What’s up with The Door? Two Gospels make reference to The Door which locks us out of God’s Presence. Matthew 25:10 refers to the Foolish Bridesmaids caught unprepared by the Bridegroom’s arrival. They begged to be let in, but the The Door to the banquet hall was already locked, and the Bridegroom said to them, “I do not know you.” Luke 13:25 refers to the Master, who after a long day’s work, got up from supper, and locked The Door to go to bed. To the stragglers who begged, ‘Lord, open to us’, the Master said, “I do not know where you come from.” In both Gospels, those locked out are condemned as Strangers to God.
Lest we portray Jesus as mercilessly cruel, there is a third reference to The Door –one with a profound nuance. In Revelations 3:20, John also references The Door which separates the Unrepentant Sinner from Jesus, but this time, it is Jesus who is begging to be allowed to come in: “Behold, I am standing at the door, knocking. If one of you hears me calling and opens the door, I will come in to share his meal, side by side with him.”
In all three cases The Door separates us from Jesus. In Matthew and Luke, The Door keeps us from Jesus, yet in Revelations, The Door keeps Jesus from us. In Matthew and Luke, the Sinner does not control the lock. Yet, in John, the Sinner controls the lock. So, what is The Door and how does its lock work?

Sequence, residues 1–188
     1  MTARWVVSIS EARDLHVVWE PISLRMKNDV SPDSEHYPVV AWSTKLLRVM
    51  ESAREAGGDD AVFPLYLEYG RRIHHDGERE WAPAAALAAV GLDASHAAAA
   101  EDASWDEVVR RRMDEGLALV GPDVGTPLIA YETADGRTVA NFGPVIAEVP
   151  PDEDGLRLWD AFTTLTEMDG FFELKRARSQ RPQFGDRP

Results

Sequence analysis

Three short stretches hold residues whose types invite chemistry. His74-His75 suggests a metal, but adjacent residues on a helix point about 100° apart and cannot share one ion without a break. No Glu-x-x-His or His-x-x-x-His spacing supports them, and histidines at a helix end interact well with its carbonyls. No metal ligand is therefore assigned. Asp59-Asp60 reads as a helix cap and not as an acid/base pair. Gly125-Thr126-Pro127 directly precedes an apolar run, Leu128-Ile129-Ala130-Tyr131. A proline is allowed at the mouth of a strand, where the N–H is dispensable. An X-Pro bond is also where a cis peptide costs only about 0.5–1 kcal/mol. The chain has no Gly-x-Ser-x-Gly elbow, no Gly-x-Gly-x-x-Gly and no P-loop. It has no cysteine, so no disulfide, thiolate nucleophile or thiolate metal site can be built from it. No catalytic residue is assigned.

Clearly, The Door is the consequence of personal sin, for sin separates us from God. Sin renounces the Reign of God over our life as it exalts the Reign of Self over God. Sin is the bottom line of where we stand in relationship to God. We are cast as Strangers, not because Jesus does not know our name, or where we were born, but because our selfish life is foreign to him –he knows only the Will of the Father. He cannot relate to disobedience, nor can the Disobedient relate to him.
If The Door is the consequence of sin, then the lock speaks to the ‘eternal-ness’ of that consequence. Matthew and Luke plainly describe, that once The Door is shut, it cannot be opened –yet, John clearly has Jesus hoping it will open again. Why the difference? The difference is not so much ‘why’ as ‘when’ -for the ‘when’ makes all the difference in the world.
In Matthew and Luke, The Door is locked at the coming of Night. Scripture tells us we have but one life to live, and then we are judged. Like the Bridesmaids, ‘we do not know either the day or the hour’ of that All Important Moment -when our ultimate destiny becomes Eternally Chosen.And lest we portray this Sober Truth as mercilessly cruel, John, the Disciple Whom Jesus Loved, leaves us with the Hope of Mercy –with the Sacred Heart of Jesus knocking at The Door of our heart, begging that we trust him to become Lord in our life. While we yet breathe, we are in the Season of Mercy –repenting of our selfish ways immediately opens The Door to the Bridegroom who so Desires our heart.